COMMENTARY | When it comes to privacy, we, as Americans, are not afforded much of it, and with the latest news that employers are asking for Facebook and social media passwords in order to further check potential employee backgrounds, our privacy just got a little smaller.
Thankfully, Facebook issued an announcement that employers should not ask for passwords.
As an individual who likes her privacy, I would not give my Facebook, Twitter or email passwords to anyone. Those are my passwords. Those are my accounts, and I intend for them to remain under my complete control. Therefore, I would refuse any request to give those passwords to a potential employer.
Employers already have numerous ways they can investigate me. They can run a background check. They can pull my driving records. They can drug test me. They can search my name online. They can run a credit check to see how well I handle my finances, or rather, how well I've handled my finances in the past. I suppose if they wanted to send someone out to record the VIN number and license plate on my car, they could do that while I was in the interview, and they can run my Social Security number through E-verify.
Employers do not need another way to verify potential employees. If they can't glean the information they need from the sources they already have, then there is something wrong with the employer. Furthermore, online security depends on the ability of the user to keep their passwords confidential, and handing them to an employer to type into their work computer is not keeping those passwords secure. That work computer could have keystroke tracking software which would send that password straight to the mainframe.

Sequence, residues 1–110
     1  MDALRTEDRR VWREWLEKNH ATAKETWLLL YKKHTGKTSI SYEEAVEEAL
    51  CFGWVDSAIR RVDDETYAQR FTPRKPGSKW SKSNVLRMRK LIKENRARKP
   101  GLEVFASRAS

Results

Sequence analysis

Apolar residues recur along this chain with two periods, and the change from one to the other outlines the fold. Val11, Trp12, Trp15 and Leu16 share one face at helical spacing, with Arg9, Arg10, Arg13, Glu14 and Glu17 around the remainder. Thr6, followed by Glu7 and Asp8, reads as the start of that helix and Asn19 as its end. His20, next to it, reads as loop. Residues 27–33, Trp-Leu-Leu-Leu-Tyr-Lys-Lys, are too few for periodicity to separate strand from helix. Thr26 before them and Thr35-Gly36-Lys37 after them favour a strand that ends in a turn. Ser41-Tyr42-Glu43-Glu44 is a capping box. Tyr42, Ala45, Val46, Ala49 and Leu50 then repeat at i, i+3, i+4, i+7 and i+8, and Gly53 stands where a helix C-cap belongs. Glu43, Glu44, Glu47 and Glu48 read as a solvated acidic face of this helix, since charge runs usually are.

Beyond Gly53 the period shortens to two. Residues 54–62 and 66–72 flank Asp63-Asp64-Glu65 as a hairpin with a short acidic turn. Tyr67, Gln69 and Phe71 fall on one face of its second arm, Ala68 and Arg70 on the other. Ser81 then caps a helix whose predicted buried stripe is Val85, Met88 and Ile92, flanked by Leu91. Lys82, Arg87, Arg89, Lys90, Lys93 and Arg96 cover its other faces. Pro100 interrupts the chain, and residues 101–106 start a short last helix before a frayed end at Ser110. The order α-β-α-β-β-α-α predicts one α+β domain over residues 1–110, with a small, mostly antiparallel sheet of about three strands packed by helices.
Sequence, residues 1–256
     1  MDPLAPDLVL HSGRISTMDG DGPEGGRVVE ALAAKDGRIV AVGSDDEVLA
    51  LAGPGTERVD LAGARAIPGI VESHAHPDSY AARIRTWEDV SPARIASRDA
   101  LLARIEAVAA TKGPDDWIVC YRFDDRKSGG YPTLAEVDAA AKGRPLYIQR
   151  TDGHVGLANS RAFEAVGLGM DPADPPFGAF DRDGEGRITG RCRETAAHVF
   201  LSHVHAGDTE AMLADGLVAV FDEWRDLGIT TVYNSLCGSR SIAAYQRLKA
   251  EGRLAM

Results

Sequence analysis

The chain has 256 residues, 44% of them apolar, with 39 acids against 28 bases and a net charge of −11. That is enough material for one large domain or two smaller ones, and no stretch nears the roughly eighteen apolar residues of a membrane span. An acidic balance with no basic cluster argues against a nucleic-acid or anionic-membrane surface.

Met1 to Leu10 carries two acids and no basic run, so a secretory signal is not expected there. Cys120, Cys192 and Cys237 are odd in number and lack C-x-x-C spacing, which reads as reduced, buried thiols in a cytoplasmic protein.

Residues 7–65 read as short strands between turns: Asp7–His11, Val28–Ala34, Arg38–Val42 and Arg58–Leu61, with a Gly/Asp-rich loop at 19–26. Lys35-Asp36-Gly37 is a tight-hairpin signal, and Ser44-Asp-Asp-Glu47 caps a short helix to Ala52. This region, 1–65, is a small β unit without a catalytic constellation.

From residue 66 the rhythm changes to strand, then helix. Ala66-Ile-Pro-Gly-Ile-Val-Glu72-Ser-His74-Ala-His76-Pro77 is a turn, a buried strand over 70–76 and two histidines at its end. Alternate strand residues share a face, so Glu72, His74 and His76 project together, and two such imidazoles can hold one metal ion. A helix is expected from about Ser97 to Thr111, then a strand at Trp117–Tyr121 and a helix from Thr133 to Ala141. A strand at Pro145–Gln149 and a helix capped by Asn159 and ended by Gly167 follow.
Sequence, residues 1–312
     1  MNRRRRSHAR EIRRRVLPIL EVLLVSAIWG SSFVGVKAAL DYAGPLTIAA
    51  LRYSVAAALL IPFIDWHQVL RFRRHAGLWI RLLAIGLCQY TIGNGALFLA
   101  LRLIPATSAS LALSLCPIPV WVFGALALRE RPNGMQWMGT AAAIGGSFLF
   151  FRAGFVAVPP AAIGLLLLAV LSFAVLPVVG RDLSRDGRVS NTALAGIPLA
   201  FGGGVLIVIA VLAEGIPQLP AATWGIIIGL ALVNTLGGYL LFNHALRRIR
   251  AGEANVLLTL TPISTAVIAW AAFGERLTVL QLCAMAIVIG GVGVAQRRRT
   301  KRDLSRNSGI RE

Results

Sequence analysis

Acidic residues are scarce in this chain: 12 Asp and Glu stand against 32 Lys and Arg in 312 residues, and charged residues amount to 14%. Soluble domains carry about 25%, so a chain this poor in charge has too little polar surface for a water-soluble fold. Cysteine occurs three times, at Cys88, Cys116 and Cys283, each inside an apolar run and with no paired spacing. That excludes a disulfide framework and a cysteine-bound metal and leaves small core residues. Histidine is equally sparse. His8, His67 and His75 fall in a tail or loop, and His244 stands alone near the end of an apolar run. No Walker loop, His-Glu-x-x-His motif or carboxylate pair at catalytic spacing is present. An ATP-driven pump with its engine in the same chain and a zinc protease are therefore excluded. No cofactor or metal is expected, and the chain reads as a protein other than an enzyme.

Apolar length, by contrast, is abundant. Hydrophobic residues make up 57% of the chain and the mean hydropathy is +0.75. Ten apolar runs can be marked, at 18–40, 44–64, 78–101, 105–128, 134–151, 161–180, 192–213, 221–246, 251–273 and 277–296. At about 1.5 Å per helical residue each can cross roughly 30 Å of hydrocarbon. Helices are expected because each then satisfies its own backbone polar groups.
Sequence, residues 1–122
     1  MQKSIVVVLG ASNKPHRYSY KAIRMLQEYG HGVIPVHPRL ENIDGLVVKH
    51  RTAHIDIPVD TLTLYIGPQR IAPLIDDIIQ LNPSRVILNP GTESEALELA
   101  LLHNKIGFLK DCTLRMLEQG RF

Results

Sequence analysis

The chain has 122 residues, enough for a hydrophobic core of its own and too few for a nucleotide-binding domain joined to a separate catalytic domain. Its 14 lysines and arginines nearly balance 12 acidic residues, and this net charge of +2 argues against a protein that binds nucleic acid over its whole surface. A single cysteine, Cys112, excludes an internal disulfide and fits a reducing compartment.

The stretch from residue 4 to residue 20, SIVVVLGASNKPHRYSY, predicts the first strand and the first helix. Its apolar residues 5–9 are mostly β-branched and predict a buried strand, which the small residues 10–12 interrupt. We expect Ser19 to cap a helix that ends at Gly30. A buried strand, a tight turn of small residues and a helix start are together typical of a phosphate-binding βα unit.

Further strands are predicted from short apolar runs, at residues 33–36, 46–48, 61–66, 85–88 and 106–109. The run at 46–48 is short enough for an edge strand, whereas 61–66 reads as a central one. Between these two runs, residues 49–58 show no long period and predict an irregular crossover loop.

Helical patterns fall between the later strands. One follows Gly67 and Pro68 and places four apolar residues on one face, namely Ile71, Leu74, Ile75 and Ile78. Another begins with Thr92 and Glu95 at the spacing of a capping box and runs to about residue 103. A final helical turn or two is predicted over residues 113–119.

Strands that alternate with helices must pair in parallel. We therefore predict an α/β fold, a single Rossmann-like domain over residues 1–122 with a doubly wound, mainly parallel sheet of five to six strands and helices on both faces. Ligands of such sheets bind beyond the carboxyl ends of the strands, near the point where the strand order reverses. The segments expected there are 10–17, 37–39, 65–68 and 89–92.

I'll even tell you how I would handle that question. I would calmly tell the interviewer that my passwords and the information in my social media accounts are confidential. I would also ask them if they had another question for me that would help them determine my fitness for the job. If the employer didn't have another question or continued to press for my passwords, I would politely end the interview and thank them for their time. Any employer that needs my password to check my character when they are already talking to me face-to-face is not an employer I want to work for.
The problem, of course, is that in order to survive we need to work. Working pays the bills, and for someone short on funds, they may just need the job bad enough to hand over their passwords regardless of the consequences. That is where Facebook's statement comes in handy. Facebook does not condone the handing out of passwords to anyone, and the act of doing so can cause the account to be closed. If the employer won't take no for an answer, simply state that it is against Facebook's policy to hand out your password.